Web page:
“After 32 years in New Zealand, I decided to go back to Tonga and have a look where I was born,” he says. “That was 1965.” He had heard of a “wonderful ukulele player” living south of Nuku’alofa, the capital of Tonga. “I was amazed at his technique. I’d never seen anybody play a ukulele like him, you know? Moving his hand around his body, around the back of his neck, with his teeth, and with his feet sometimes. I said, ‘Sione, you’re the best I’ve ever seen in the world! How about coming to New Zealand and one day perhaps I can help you. There’s a few little rough spots in there, perhaps we could clean it all up and maybe compose some songs.’ So, the time came, and Sione came to New Zealand.”
Aleki had the technique and the ear, and Sevesi helped him develop other areas of his musicianship, like timing. He told Papua New Guinea Today in a 2015 interview, “I just told him that whenever he played, he has to count 1-2-3-4 or whatever time the music was assigned with, and he did it.”
Sione’s talent and musicality are as evident on record as they are on video. He is credited on a handful of albums with Bill Sevesi and His Islanders, and released one full-length album of his own—the 1972 LP Pacific Ukulele—on New Zealand’s Hibiscus record label. The album cover shows Aleki sporting a luscious head of dark hair and very-1970s sideburns playing a Kamaka ukulele with his teeth.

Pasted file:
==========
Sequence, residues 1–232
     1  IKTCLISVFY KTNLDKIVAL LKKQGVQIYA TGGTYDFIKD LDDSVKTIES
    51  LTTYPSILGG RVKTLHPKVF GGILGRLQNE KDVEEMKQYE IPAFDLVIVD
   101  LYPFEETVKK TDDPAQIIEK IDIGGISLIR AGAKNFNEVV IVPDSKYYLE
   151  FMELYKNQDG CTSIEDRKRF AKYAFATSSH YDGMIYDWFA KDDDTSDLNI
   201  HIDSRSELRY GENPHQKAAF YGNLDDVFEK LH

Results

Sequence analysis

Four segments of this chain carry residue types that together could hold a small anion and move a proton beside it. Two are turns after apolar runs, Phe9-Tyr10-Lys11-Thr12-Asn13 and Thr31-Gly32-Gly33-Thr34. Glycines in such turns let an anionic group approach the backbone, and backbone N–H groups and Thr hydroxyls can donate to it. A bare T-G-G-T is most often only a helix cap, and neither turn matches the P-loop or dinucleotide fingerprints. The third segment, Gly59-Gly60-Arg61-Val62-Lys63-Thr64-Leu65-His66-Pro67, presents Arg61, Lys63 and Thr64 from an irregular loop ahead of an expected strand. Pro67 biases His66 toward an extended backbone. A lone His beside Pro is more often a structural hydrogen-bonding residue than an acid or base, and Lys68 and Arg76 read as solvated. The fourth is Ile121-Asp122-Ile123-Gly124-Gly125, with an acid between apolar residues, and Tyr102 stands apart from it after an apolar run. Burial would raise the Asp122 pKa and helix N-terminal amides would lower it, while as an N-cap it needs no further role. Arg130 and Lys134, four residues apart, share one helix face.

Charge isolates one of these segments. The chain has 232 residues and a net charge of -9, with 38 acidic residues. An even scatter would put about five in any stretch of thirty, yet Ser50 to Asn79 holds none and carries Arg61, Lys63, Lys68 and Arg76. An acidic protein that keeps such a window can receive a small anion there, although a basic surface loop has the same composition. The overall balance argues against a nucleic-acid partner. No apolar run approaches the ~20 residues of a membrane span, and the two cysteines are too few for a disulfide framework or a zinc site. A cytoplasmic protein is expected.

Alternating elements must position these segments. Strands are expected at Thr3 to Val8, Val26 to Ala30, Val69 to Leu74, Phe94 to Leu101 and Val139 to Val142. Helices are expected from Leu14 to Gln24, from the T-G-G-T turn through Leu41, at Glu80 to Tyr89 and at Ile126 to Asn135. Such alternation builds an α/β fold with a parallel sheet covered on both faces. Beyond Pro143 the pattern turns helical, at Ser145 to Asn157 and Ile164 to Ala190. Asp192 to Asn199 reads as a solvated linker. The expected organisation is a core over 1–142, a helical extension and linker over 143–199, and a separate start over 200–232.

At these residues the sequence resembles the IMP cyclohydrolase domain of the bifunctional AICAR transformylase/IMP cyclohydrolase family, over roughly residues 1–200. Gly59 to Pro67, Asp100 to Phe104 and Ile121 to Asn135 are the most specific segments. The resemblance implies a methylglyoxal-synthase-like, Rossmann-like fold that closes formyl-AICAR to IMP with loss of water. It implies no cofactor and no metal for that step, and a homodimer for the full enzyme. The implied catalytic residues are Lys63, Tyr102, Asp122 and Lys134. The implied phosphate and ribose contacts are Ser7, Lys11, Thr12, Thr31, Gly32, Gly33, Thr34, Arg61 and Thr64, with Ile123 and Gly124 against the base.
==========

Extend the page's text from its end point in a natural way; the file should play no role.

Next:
The album’s liner notes denote it was recorded at the South Pacific Festival of Arts in Suva, Fiji. Given the cover art and the fact that it was recorded live, it seems fitting to imagine that his teeth did, in fact, play a part in the recording of his only solo album. What can be heard for certain is impressively fast strumming and fingerpicking, energetically pushing the music forward but not rushing the time. Another facet of Aleki’s playing can be heard on the record as well: percussive slaps in perfect time, especially on his powerful and deftly fast rendition of “12th Street Rag.”
But alas, the South Pacific didn’t have the music industry cachet of the United States in the 1960s and ’70s. Couple this with the fact that the second wave of ukulele popularity was on the decline by the mid-1970s, and it was an uphill climb toward mainstream popularity that Aleki could never quite achieve. Even today, the ukulele virtuoso is better known in his native Tonga and neighboring New Zealand than in the United States.